Maybe because I did have legal representation is what saved me on this deal? Who knows. I know one author who did not have a lawyer but did have an agent and he is also fine - crushed but fine legally.

All I know is I was not thrilled to see it end because I was getting checks and yet, I did get my copyright so - it isn't the end of MY book just the end of Rain!
*I have a new publisher already as I have other books with other publishers - I lucked out.
***I do mean luck. I feel a lot of this business is connections, friends, timing. I think there are a lot of great writers and only so much demand, which sucks in plain slang.
 

legalwriterPR

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Legalwriter, would you be willing to send Writer Beware a copy of the contract you signed? The reason I'm curious is that I've seen a number of Rain contracts, and all have been seriously nonstandard and author-unfriendly. If Rain has changed its ways, I'd like to be able to document that.

No. I am serious when I say personal is personal.

I feel the contract is moot unless one is offered one, and then an internet or small "beware" group is not where you want to go - you want a lawyer.

Documenting Rain is moot but, in whole, it is dangerous for any watchdog to document anything bad OR good - contracts change, people change etc... people need lawyers to handle their affairs. It's the only truly professional way to go.

I mention this post now (I don't check back much obviously given the timing here) because ANY publisher or ANY author needs to get a lawyer. I think it is a gamble to use a watchdog group to get legal information. With all due respect, I realize this is meant to be a help, but what if it deters people from a good thing? Or worse, if you give a thumbs up and things go sour?
Because of the nature, this group is not responsible - and the truth is, is that some authors are not really business minded and don't think to go beyond a group like that. One should always treat their writing professionally and have legal representation no matter what a group says, a forum or anyone else.
The only agreement that matters is that between the individual author and the publisher, and protected by legal representation - often the mediator for any negotations also.

Just my opinion.
But no - will I ever start throwing my personal contracts around for OTHER people to OK? Hell no!
 

Birol

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That's a good question right now.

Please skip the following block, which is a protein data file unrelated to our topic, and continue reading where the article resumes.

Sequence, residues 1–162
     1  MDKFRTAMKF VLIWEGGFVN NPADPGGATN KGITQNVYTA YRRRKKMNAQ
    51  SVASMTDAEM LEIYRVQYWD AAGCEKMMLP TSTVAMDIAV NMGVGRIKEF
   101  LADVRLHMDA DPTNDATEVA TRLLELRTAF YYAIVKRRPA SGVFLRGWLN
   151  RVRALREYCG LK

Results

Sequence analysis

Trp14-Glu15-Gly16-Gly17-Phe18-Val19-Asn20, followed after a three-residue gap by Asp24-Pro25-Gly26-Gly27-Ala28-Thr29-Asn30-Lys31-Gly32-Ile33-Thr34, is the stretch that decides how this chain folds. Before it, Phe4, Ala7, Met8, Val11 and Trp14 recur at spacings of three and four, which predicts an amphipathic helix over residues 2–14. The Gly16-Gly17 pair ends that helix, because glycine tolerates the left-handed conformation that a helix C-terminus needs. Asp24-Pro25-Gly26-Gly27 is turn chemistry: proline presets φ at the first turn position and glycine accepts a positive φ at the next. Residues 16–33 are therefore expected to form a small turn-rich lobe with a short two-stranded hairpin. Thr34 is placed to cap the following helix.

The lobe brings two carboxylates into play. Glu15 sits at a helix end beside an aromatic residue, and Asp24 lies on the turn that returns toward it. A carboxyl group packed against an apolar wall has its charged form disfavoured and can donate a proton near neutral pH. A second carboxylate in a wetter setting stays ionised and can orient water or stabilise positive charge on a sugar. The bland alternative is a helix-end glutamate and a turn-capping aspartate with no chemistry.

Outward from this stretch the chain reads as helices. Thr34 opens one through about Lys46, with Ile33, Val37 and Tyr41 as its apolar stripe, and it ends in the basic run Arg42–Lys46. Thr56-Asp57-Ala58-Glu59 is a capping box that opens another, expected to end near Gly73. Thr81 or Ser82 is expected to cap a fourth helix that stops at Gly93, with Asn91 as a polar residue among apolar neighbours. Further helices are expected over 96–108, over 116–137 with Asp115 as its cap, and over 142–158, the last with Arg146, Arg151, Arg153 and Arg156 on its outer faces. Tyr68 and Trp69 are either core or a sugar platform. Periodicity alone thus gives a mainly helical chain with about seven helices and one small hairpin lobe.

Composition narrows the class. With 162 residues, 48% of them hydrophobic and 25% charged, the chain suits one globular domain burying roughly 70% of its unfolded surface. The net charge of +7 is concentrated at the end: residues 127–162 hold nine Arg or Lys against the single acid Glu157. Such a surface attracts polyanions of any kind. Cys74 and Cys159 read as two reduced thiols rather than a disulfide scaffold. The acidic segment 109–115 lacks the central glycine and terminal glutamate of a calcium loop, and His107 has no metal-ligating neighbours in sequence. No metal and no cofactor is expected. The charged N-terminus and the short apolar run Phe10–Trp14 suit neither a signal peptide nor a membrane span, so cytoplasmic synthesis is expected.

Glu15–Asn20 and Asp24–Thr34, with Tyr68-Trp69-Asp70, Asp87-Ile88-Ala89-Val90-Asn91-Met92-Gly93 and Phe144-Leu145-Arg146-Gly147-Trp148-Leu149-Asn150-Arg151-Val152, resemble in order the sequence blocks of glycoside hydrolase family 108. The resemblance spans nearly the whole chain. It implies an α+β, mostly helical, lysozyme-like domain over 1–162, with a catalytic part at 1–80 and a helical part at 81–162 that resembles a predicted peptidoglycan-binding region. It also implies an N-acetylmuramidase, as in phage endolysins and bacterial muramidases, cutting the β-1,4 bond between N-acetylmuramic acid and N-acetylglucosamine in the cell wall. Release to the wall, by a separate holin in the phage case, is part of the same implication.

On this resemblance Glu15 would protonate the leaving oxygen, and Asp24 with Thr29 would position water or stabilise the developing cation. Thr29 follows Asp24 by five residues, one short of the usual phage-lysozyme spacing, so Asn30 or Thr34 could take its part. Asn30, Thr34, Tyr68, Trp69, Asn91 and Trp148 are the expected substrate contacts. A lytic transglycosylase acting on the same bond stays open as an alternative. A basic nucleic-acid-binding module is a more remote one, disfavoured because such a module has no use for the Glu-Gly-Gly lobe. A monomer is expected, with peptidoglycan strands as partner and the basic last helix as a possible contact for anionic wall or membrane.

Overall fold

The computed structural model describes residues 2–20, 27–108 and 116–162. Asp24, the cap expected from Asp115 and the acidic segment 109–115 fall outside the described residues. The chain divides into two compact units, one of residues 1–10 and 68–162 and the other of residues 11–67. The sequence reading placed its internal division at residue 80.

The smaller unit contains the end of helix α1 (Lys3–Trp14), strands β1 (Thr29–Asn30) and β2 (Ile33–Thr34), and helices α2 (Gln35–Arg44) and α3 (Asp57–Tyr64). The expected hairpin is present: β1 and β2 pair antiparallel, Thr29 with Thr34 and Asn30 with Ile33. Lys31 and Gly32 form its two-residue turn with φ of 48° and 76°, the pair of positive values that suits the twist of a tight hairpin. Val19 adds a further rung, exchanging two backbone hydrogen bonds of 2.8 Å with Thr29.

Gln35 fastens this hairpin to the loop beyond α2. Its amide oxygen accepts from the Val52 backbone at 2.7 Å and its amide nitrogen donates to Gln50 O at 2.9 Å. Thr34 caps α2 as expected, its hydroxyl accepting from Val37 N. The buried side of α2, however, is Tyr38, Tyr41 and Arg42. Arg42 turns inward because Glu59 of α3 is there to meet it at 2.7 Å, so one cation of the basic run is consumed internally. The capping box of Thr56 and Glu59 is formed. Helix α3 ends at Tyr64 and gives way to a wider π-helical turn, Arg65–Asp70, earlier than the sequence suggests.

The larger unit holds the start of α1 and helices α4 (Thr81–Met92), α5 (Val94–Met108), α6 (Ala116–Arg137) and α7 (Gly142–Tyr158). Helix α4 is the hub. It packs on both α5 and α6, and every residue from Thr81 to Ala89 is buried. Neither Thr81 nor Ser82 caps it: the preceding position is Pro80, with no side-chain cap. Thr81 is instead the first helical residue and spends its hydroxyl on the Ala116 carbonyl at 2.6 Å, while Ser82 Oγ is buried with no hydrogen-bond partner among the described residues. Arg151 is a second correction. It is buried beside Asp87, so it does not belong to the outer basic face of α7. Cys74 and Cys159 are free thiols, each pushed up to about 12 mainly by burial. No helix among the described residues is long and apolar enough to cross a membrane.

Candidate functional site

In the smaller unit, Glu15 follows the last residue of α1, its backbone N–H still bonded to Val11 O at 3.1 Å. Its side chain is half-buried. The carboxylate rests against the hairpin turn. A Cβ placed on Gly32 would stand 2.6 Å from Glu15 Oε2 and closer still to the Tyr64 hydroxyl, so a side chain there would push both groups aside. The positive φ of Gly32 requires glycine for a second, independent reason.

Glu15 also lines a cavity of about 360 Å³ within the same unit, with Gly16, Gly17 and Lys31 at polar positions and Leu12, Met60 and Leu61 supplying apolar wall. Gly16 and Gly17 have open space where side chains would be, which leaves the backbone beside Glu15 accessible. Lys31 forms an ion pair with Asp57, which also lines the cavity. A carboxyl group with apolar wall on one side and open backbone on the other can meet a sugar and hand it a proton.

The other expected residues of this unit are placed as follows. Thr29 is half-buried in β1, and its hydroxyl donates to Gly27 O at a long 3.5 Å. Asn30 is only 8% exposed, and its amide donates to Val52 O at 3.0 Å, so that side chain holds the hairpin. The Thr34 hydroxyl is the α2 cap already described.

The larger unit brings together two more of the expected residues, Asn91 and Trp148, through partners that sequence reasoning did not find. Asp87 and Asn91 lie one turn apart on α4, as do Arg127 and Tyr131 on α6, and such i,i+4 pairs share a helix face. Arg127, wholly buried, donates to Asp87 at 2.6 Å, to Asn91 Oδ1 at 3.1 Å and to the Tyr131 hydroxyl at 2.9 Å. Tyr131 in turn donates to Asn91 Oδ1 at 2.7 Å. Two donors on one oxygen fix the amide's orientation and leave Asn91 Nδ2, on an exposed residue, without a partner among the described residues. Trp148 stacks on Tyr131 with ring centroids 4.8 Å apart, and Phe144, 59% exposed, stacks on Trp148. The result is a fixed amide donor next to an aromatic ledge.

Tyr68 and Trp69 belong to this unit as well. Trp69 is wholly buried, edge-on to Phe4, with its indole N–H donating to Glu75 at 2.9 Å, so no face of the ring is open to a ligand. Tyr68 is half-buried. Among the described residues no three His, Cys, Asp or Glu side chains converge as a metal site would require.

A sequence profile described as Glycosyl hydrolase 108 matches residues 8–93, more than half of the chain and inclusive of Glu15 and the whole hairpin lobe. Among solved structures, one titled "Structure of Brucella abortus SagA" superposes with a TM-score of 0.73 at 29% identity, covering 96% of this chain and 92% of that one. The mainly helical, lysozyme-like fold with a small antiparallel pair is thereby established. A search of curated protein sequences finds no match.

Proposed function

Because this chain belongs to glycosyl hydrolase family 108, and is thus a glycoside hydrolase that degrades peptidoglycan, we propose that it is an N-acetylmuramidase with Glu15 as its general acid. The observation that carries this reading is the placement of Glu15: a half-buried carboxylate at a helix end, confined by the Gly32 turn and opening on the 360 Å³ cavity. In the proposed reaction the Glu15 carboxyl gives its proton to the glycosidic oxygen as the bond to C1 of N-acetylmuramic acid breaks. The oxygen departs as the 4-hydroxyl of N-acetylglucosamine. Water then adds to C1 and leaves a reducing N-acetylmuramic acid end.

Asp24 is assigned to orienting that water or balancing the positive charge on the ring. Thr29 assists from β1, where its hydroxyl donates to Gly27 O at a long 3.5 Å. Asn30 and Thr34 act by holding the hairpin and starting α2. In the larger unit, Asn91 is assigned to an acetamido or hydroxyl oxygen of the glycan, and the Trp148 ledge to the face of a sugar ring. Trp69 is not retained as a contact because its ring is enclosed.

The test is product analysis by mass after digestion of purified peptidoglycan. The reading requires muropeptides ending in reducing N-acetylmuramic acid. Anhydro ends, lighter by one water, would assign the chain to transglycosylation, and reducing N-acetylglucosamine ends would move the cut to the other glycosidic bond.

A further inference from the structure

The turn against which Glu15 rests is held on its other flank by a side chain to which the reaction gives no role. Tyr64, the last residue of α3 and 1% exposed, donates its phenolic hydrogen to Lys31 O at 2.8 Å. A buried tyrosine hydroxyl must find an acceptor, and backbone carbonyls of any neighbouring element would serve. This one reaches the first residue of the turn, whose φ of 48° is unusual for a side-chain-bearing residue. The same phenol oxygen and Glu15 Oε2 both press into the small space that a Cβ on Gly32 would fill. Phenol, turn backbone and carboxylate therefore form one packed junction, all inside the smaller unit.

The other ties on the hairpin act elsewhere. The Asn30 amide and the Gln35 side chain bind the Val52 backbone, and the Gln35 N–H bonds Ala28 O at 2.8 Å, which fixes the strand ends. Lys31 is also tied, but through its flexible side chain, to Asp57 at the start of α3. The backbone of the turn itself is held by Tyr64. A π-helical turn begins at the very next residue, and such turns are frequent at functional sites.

The lesson for me has been that like any other business - some make it, some don't. More authors fail at being published than publishers fail at making a business - so though she had the odds for her, only a small percentage of business' make it the first five years. I am fairly sure almost every author, unless completely naive' (and there could have been such) did gamble.

But the odds weren't in her favor. She did not take the time to learn the things she needed to know about this industry or to put into place necessary components, like distribution and marketing. What marketing she did have was much more focused on the writers than on readers and bookstores. This is a classic recipe for either 1) failing or 2) converting from bad idea to scam.

This lack of research and industry credibility is also why so many publishers (and small businesses regardless of the industry) fail. People go into it with stars in their eyes and without the necessary knowledge and skills to deliver on their promises.
 

IceCreamEmpress

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it is dangerous for any watchdog to document anything bad OR good

No, I think that's a useful (but not sufficient) piece of the puzzle.

People have limited time, and one of the resources they use to sift through the places they're going to approach are the watchdog sites.

And if a business that's been flagged for non-standard practice changes its approaches, they're free to share that information with the watchdog sites and ask for a re-evaluation.
 

victoriastrauss

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[
]I mention this post now (I don't check back much obviously given the timing here) because ANY publisher or ANY author needs to get a lawyer. I think it is a gamble to use a watchdog group to get legal information.
I agree. That's why neither I nor anyone else here offered to provide legal information. As I recall, you're the one who claimed legal expertise.

But no - will I ever start throwing my personal contracts around for OTHER people to OK? Hell no!
I'm sure you'll understand, then, why I remain skeptical of your claims about how squeaky clean and fair your contract was.

It's a moot point, anyway.

I hope other Rain authors will check in to let us know whether they've gotten their copyrights back.

- Victoria
 

triceretops

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I've received mine back. And I know of a few other authors who have also received theirs. At least they were swift about that. We'll see about royalty settlements at the appointed time.